But no need to worry—this is where a living trust can come into play. The trust is drafted to allow a non-pro rata distribution from the trust estate to be made. This means that the trustee may allocate the home to one child as his/her trust share, while the other child receives cash or other assets of equal value for the other trust share. If the trust contains sufficient assets to cover these distributions (e.g., a home with a fair market value of $850,000 and cash of $850,000), this is easily done, and the child that received the home takes the full benefit of the Parents’ low property tax base. If the trust does not contain sufficient assets to make equal non-pro rata distributions, the trust directs the trustee to encumber the property with a loan from a third-party lender, which allows the trustee to make the non-pro rata distribution while retaining the full property tax benefit for the child.

If more than one child wants the home, you are even able to address sibling disputes/rivalries—some that reach back many years—through the trust. The trust directs the trustee to ascertain the home’s fair market value through an independent appraiser. The trustee then seeks bids on the property from each child, beginning at the home’s fair market value. Because the Parents’ full Proposition-13-suppressed property tax may be valuable to more than one child (e.g., each child would like to live in the same property for life and reap the benefit of the ongoing property tax savings), the children may try to outbid one another. The child that bids the highest over the property’s fair market value gets the home. The other child will not be disgruntled—or not as disgruntled—about losing the house, because he/she did not feel the house was worth what their sibling was willing bid over the fair market value. And this results in more cash in the sibling’s pocket.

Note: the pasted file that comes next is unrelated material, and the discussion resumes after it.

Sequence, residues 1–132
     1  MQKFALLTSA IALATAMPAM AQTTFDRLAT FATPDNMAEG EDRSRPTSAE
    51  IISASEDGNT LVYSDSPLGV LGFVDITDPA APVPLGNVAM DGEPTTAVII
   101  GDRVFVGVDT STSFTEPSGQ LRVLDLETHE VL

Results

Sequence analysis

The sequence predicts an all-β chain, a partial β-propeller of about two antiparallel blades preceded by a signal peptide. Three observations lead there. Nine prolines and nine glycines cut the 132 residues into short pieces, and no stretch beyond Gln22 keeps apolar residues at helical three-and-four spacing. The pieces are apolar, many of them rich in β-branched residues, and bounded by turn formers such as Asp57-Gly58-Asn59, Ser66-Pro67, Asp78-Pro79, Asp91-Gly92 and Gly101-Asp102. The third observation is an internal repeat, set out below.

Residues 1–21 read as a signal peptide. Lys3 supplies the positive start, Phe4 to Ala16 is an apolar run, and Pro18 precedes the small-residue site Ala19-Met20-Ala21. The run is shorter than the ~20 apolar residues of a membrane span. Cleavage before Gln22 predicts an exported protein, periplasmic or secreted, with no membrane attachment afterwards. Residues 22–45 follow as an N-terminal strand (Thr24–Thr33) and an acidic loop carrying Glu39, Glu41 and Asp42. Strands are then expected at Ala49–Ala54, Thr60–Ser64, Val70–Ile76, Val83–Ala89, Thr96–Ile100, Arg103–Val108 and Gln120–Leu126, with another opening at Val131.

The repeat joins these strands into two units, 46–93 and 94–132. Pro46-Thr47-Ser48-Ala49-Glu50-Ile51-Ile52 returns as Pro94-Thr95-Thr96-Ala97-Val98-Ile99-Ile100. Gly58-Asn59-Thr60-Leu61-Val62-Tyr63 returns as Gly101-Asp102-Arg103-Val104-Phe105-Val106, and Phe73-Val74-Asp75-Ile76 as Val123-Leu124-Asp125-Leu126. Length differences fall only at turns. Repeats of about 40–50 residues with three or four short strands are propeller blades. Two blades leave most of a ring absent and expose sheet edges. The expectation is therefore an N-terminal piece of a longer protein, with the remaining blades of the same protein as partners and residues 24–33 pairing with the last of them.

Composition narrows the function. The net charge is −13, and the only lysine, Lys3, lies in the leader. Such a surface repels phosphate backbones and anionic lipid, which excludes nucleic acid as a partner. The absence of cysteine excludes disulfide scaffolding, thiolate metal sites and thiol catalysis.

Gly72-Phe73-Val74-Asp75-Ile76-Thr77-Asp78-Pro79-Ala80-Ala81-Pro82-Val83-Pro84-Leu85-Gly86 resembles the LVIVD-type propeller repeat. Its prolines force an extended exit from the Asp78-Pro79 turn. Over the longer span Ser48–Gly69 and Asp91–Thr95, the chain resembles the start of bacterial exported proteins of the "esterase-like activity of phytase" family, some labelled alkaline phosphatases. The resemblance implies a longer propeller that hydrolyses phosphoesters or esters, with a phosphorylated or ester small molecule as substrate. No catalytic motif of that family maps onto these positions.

Bottom line, if you foresee transferring your property to your children in the future, a properly structured trust and the strategic advice of experienced counsel will allow you to pass tax savings on to your children along with the house. And who doesn’t like to save tax dollars?